Mahmud Jega

Death By A Thousand Cuts, By Mahmud Jega

It was Julius Caesar who said that the best death is a quick one. What US President Donald Trump endured last week was the electoral equivalent of the old Chinese torture of Lingchi, or death by a thousand cuts. Those who genuinely love Donald Trump [maybe Melania, Don Jnr, Ivanka, Jared Kushner and a few others] must be wishing that he speedily lost Florida and Texas on election night. He would have had a sleepless night that Tuesday but he could have slept well afterwards, instead of going for days without sleep as Joe Biden steadily overtook him in the count in one crucial state after another.

It might even have been better for Trump’s loved ones if pollsters had been right and he had lost the election to Hillary Clinton in 2016. It is much less traumatic to lose your first bid for the presidency than to be defeated after one term.

Trump was not alone in recent US history. Jimmy Carter and George Bush Snr both suffered the same fate. Possibly a worse experience was President Gerald Ford’s, who was never elected in the first place. As House Majority Leader, President Richard Nixon chose him to become Vice President in 1973 when Spiro Agnew resigned. A year later, Nixon himself resigned and Ford became President. As his Republican party’s candidate, he lost the election to Jimmy Carter in 1976.

I first “monitored” US elections in November 1976. I smuggled a transistor radio into my secondary school dormitory, woke up early morning and listened to the BBC world news. Much to my delight, Jimmy Carter defeated President Gerald Ford. Four years later in 1980, I was close to tears when Carter lost to the right-winger Ronald Reagan. During the Democratic Party’s primaries earlier that year, I actually preferred Senator Edward Kennedy. Carter “whipped Kennedy’s ass,” as he infamously said. It was one of only two profane words that Carter uttered during his presidency. The other time was when the New York Times’ banner headline declared, “Carter says ‘baloney’”.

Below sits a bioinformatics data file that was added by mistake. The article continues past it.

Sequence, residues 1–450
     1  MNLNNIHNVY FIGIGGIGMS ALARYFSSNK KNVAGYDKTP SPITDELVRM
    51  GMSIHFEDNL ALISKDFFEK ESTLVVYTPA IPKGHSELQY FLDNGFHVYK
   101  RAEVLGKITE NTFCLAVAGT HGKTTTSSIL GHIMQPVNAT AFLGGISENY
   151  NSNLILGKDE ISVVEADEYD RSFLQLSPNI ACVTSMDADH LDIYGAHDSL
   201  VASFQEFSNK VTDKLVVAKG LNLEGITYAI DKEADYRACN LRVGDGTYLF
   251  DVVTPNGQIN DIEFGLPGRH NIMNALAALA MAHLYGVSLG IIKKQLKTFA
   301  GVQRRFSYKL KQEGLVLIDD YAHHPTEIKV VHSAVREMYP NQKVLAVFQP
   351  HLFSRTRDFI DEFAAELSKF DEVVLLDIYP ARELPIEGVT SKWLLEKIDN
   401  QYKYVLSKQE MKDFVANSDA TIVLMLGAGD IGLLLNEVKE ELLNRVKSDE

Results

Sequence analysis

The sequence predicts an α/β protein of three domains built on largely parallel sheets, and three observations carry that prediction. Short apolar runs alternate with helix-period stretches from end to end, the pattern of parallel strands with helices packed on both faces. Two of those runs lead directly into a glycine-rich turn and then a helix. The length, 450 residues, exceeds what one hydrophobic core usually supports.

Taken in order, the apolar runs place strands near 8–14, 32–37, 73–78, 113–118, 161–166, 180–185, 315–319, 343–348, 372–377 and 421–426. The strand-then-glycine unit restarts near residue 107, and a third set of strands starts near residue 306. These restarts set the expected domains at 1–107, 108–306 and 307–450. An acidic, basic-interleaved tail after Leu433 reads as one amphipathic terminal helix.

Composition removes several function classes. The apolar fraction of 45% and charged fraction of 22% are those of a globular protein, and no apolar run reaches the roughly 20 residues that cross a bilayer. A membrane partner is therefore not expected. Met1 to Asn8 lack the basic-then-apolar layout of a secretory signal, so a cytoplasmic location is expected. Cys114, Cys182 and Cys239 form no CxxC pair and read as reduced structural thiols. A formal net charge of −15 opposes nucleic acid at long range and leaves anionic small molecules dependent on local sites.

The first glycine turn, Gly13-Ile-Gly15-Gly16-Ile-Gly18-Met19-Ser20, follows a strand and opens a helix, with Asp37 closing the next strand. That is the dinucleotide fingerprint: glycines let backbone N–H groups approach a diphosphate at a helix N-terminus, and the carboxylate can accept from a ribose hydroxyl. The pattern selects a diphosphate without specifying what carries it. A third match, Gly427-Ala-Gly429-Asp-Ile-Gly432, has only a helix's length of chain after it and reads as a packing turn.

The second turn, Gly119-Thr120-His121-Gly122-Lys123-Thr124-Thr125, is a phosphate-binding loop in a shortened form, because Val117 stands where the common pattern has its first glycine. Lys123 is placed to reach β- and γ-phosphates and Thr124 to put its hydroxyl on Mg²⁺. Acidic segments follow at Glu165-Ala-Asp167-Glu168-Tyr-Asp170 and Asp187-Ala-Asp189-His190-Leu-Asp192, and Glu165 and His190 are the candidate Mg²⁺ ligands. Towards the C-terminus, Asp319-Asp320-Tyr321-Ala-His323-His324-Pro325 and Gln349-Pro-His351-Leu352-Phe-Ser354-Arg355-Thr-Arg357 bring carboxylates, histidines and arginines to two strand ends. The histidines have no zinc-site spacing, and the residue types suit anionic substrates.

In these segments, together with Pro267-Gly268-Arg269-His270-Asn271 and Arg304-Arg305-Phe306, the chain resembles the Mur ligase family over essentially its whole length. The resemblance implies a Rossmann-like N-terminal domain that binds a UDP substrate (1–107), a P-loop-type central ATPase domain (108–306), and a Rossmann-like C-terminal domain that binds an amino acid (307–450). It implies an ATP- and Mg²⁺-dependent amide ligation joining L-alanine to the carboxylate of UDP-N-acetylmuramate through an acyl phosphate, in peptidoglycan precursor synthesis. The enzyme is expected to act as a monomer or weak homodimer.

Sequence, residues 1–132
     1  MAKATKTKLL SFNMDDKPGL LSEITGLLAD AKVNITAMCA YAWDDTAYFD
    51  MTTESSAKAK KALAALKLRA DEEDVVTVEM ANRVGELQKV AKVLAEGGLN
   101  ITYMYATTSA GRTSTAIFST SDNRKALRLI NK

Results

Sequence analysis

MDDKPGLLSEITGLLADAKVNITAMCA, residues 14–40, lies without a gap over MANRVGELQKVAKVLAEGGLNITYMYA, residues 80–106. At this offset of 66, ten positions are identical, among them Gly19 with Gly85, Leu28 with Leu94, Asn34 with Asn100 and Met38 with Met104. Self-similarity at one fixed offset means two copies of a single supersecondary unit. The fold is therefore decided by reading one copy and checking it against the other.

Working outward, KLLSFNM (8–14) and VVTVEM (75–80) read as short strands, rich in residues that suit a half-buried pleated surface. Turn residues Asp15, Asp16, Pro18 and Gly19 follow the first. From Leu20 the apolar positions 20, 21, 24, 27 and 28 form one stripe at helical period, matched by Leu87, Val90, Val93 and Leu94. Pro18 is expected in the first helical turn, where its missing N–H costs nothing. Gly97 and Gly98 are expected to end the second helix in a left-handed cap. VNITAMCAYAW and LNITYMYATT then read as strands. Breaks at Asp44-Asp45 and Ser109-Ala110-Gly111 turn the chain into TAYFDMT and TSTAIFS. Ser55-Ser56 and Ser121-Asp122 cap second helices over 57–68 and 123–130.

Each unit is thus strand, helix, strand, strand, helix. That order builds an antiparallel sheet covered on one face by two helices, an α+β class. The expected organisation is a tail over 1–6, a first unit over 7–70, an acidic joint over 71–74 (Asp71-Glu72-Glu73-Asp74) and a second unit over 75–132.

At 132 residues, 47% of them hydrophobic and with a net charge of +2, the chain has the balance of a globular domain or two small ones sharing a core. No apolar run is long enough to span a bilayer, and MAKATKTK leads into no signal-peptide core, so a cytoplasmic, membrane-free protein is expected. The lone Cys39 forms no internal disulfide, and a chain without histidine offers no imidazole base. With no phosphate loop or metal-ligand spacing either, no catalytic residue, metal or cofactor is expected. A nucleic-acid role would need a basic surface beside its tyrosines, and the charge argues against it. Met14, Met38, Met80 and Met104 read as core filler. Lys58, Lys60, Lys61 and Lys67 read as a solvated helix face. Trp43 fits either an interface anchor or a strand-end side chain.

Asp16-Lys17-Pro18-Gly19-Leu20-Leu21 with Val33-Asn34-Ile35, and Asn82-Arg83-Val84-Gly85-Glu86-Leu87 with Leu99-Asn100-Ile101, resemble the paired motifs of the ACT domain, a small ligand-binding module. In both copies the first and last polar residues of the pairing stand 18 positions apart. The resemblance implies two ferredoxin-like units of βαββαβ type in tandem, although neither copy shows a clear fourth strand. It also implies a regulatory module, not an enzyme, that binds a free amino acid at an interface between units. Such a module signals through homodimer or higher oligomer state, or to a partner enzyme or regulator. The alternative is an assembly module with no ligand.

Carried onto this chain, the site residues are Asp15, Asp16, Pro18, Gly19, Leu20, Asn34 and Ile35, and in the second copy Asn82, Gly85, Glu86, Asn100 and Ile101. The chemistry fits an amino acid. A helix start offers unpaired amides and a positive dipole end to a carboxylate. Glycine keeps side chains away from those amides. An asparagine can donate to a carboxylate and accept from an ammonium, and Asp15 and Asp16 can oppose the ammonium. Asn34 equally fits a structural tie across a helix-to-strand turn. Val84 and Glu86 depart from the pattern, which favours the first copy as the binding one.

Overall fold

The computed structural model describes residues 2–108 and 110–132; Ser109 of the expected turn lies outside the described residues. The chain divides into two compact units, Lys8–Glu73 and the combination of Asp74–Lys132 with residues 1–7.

In 1984, when Reagan defeated former Vice President Walter Mondale by a landslide, my friends and I were so unhappy that Tukur Umar said he did not recognize the result. In 1988 too, we rooted for the Democratic candidate, former Massachusetts State governor Michael Dukakis. Though at one time he had a 17-point lead in opinion polls, he lost to then Vice President George Bush, Snr.

In 1992, I had no access to CNN but I sat up with my transistor radio through the night monitoring the results on BBC. I fell asleep at one point and when I woke up at 5am, I heard BBC refer to “President-elect Clinton.” Clinton had an easier ride over the Republican candidate, Senate Majority Leader Robert Dole in 1996. I had visited the White House in 1994 and was taken to the West Wing an hour before Clinton departed for California to attend Richard Nixon’s funeral. 2000AD was the worst memory, when the US election ended up in court over the dimple chads in Florida. George Bush Jnr, who had fewer votes than Al Gore, was elected by the Supreme Court.

Let’s skip 2004. In 2008 and again in 2012, I sat up all night and wrote stories for Daily Trust about Barak Obama’s historic win. On election night last Tuesday, Donald Trump initially led in Pennsylvania, Michigan, Georgia, North Carolina and Wisconsin. Slowly but steadily, Biden whittled down his lead and then overtook him. All these were states that Trump won four years ago, by small margins, but enough to demolish Democrat’s famed “blue wall” in the rustic industrial Great Lakes region. He beat Mrs. Clinton even though she had 3 million more votes nationally.

America’s election system is queer, and not just for Nigerian eyes. Four years ago when Trump was declared winner, a South Korean visitor to the US asked how anyone could win the election when he was millions of votes behind. It was all due to the electoral college system, by which the contest is conducted state by state, with each state having an assigned number of electoral college votes roughly equal to its population. A candidate wins if he garners 270 of those votes, or majority of the 538 votes available.